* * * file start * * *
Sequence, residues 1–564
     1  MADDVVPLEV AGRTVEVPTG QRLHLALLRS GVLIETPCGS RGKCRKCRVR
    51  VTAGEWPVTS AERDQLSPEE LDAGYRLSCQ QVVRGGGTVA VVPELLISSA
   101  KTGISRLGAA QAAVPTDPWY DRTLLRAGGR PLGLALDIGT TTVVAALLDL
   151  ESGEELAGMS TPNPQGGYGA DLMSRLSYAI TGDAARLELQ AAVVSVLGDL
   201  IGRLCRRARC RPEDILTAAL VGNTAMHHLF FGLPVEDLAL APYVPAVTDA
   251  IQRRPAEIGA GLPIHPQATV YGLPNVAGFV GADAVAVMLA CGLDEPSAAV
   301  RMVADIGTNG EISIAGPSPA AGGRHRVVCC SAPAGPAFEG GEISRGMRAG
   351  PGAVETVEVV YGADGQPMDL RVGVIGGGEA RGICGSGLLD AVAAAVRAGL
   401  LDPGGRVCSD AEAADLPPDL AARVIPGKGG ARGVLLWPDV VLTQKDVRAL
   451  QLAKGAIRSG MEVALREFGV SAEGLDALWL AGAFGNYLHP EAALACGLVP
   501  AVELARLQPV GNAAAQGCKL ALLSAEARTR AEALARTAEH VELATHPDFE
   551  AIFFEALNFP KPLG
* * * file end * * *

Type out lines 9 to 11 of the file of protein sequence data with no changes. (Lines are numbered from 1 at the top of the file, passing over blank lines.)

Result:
   351  PGAVETVEVV YGADGQPMDL RVGVIGGGEA RGICGSGLLD AVAAAVRAGL
   401  LDPGGRVCSD AEAADLPPDL AARVIPGKGG ARGVLLWPDV VLTQKDVRAL
   451  QLAKGAIRSG MEVALREFGV SAEGLDALWL AGAFGNYLHP EAALACGLVP